“I decided to volunteer at NICE and to continue to work at NICE because I didn’t want refugee and immigrant people to feel what I felt at the beginning of my time in the United States. Even though I had another job, I decided that I was going to make time to come to the NICE offices and volunteer and help these people,” Bhuwan said. “I’m going to continue to work and serve my community. That’s why I’m here.” 

After volunteering for several months, Bhuwan was hired by NICE as a Reception & Placement case manager, where he continued to assist refugees and immigrants during their transition to life in the U.S. Transitioning into this new role was easy for Bhuwan because of his prior experience as a volunteer and as a refugee himself, he said. 

“Working as a caseworker at NICE helped me to become more connected with the people. I was happy to transition from being a volunteer to a staff member, because I was able to get to know the families I served more and provide services as they needed and fulfill their needs,” Bhuwan said. 

Now, Bhuwan serves as the lead Refugee Support Service (RSS) Case Manager, where he focuses on connecting refugees and immigrants with employment, providing guidance and support to clients, and building relationships with employment partners. 

“Our goal is to make our clients self-sufficient, with a stable job with a good wage and good benefits so that they don’t have to depend on other services,” Bhuwan said. “We want to help them become independent so they don’t have to worry about where they can get the resources they need.”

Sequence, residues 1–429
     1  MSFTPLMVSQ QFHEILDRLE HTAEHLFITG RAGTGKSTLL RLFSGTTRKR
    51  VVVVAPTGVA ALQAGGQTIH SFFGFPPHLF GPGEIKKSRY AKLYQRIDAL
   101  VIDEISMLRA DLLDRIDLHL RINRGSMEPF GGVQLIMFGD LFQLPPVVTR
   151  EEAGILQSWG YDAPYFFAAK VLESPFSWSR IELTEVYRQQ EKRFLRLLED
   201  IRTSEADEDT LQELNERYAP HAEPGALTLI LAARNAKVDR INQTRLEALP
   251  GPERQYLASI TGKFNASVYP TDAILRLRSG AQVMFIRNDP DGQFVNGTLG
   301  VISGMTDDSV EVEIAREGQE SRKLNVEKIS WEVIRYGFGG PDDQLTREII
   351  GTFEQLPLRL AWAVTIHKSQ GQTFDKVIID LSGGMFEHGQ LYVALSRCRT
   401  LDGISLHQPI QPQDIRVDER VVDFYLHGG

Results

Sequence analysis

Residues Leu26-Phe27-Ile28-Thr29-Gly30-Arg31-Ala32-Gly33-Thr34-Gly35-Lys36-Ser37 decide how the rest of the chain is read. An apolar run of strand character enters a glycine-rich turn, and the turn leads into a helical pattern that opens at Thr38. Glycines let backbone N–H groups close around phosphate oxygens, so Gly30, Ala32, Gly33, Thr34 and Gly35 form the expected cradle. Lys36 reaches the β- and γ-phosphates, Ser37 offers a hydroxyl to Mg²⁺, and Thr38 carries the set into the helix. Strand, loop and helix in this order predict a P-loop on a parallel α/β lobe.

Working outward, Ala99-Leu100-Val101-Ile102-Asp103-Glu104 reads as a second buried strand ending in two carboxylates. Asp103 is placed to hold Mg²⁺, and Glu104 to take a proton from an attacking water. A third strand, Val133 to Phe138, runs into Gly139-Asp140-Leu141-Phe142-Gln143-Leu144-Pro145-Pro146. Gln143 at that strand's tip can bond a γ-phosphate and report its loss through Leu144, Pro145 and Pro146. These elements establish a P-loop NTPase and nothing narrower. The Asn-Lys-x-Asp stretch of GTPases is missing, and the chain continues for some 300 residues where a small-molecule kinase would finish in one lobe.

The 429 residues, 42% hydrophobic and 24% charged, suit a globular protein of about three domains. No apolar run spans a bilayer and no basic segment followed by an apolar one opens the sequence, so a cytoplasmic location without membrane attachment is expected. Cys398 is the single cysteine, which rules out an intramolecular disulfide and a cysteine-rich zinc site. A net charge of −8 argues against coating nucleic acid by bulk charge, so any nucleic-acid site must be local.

Bhuwan plans to pursue his Bachelor’s degree at Western Governors University in accounting and business administration in the coming months. He is excited to put his skills in mathematics to use and to pursue something that interests him, he said. 

In his free time, Bhuwan spends time with his family, including his 3-year-old daughter, Myrah, tending to their garden in their backyard. They have been able to grow a wide variety of produce to eat, including cucumbers, onions and cauliflower. He also loves world history and learning more about countries all around the world by watching documentaries, he said. 

“If people ask me about a specific country, I know a lot of information about it because I love watching documentaries,” Bhuwan said. 

Bhuwan’s ongoing support of local refugee communities in Nashville is testament to his commitment to providing our new neighbors with the necessary resources to find stable employment and achieve security in their new home. His investment in the success of our friends in Nashville is immensely impactful in creating an environment where all people can find belonging, today and into the future.